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Distinguished Lecturer Klaus Lackner to speak on carbon air capture technology

Monday, 01 February 2010

The University of Maine at Presque Isle is pleased to present Dr. Klaus Lackner - the Ewing-Worzel Professor of Geophysics at Columbia University, the Chair of the Department of Earth and Environmental Engineering, and the Director of the Lenfest Center for Sustainable Energy at the Earth Institute at Columbia University - as its first Distinguished Lecturer of the Spring 2010 semester.

Dr. Lackner will deliver his talk Innovations in Sustainable Energy: Capturing Carbon Dioxide Directly from the Air on Thursday, Feb. 11 at 7 p.m. in the UMPI Campus Center. A snow date has been set for Friday, Feb. 12. During his talk, Dr. Lackner will give an overview of the environmental challenges facing our world, the importance of carbon dioxide capture and sequestration, and the budding technology behind the capture of carbon dioxide from ambient air using ionic exchange resins in the form of artificial trees.

Dr. Lackner received his Ph.D. in 1978 in Theoretical Physics from the University of Heidelberg, Germany. After postdoctoral positions at Caltech and Stanford Linear Accelerator Center, he joined Los Alamos National Laboratory in 1983, where he held various positions including Acting Associate Director of Strategic and Supporting Research until 2001.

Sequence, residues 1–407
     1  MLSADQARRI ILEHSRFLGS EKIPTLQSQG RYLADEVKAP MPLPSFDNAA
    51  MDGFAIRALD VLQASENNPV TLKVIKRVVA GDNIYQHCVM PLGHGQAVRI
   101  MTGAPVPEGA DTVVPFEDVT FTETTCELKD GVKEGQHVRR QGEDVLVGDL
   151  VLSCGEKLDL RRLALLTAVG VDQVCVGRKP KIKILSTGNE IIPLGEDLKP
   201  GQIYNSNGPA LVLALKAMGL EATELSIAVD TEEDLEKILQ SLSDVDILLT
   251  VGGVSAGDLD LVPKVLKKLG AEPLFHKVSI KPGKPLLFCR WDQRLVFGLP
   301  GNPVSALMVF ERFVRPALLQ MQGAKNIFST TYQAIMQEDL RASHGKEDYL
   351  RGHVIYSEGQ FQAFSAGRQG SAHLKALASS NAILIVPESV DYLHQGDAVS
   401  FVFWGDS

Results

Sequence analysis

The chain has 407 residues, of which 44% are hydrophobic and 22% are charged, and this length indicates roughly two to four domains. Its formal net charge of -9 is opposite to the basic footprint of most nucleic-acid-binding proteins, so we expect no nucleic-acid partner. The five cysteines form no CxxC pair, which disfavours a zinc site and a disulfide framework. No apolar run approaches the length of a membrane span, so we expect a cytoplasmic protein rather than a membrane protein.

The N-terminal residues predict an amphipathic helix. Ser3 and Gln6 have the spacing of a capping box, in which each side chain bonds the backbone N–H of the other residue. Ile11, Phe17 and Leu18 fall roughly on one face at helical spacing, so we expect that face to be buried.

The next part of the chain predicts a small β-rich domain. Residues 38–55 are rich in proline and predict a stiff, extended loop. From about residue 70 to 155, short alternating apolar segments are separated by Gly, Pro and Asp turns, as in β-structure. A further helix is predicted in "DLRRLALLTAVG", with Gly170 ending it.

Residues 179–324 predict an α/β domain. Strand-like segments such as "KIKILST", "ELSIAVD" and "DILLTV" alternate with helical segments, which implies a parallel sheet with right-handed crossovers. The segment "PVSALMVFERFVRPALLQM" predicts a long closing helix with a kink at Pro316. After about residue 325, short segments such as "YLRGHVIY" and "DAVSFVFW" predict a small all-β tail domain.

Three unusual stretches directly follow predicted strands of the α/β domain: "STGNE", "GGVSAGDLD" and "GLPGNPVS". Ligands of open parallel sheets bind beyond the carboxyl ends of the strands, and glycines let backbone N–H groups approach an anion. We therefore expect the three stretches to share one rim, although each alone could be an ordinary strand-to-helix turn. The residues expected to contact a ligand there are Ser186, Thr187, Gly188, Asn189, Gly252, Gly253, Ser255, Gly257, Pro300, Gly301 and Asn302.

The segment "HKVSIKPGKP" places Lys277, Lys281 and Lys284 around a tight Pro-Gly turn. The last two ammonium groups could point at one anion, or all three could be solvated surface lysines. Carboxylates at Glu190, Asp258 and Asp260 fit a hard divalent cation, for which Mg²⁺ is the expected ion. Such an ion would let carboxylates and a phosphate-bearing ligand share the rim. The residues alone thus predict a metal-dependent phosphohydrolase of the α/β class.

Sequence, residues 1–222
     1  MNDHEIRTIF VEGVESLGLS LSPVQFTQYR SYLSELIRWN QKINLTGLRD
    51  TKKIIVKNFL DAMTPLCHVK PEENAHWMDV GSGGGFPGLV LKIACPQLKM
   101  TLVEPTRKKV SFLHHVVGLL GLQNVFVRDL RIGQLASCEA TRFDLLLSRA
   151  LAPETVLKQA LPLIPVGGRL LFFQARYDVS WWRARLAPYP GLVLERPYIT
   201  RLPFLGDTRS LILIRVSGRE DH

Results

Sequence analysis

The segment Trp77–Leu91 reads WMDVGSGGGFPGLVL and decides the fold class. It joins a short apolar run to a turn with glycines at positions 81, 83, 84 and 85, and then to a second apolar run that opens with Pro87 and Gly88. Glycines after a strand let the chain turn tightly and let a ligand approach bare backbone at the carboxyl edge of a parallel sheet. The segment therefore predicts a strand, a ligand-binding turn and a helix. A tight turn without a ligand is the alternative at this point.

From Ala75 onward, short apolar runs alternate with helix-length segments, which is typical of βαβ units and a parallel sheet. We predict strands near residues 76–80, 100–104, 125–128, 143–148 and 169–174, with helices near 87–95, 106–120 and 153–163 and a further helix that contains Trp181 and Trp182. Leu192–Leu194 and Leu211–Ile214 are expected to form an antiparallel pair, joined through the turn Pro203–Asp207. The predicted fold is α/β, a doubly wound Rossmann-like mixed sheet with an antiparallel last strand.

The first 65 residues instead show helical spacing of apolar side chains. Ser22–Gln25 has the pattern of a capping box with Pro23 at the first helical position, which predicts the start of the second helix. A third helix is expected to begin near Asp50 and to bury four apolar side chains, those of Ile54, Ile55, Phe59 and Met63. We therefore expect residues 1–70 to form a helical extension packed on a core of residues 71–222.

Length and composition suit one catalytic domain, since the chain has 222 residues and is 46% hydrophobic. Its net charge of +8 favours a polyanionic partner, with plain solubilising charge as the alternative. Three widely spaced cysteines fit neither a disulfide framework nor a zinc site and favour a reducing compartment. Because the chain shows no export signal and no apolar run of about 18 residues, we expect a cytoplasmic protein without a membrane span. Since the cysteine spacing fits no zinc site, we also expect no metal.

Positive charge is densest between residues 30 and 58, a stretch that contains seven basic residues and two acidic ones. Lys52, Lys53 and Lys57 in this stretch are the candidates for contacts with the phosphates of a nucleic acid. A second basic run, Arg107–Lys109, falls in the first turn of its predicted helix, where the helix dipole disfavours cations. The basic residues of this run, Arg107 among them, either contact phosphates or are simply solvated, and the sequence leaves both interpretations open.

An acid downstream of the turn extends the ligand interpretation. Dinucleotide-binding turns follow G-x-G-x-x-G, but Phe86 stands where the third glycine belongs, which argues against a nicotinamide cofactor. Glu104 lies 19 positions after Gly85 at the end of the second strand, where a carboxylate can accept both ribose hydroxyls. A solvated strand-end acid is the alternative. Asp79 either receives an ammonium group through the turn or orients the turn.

Presently, he is developing innovative approaches to energy issues of the future focusing on environmentally acceptable technologies for the use of fossil fuels, which include the use of tracers in geological carbon storage, power plant modeling, carbon capture membranes for use at high temperatures, gravitational carbon storage, advanced fossil fuel technologies, and scaling and automation, among others.

Dr. Lackner has been instrumental in forming the Zero Emission Coal Alliance which is an industry-led effort to develop coal power with zero emissions to the atmosphere. He pioneered the concept of carbon dioxide air capture as a means for abating emissions of fossil carbon to the atmosphere. He has co-founded Global Research Technologies in Tucson, Arizona, and leads a team in designing and producing prototype machine that mimics trees in taking CO2 out of the atmosphere. After sequestering the carbon dioxide, the machine releases it and turns the CO2 into a liquid that can be stored and managed.

Carbon footprint reduction and renewable energy have become increasingly important issues for the University. In 2007, UMPI President Don Zillman joined the American College and University Presidents' Climate Commitment, an effort to move campuses across the United States toward carbon neutrality. Last May, the University commissioned its 600 kW wind turbine - the first mid-size wind turbine to be installed on a University campus in the State of Maine.

The University's Distinguished Lecture Series was established in 1999. Each year, the UDLS Committee sponsors five to six speakers who come from Maine and beyond, representing a range of disciplines and viewpoints. The speakers typically spend two days at the University meeting with classes and presenting a community lecture.

Lackner's lecture at UMPI is free and the public is invited to be a part of this special evening. For more information, contact the University's Media Relations Office at 768-9452.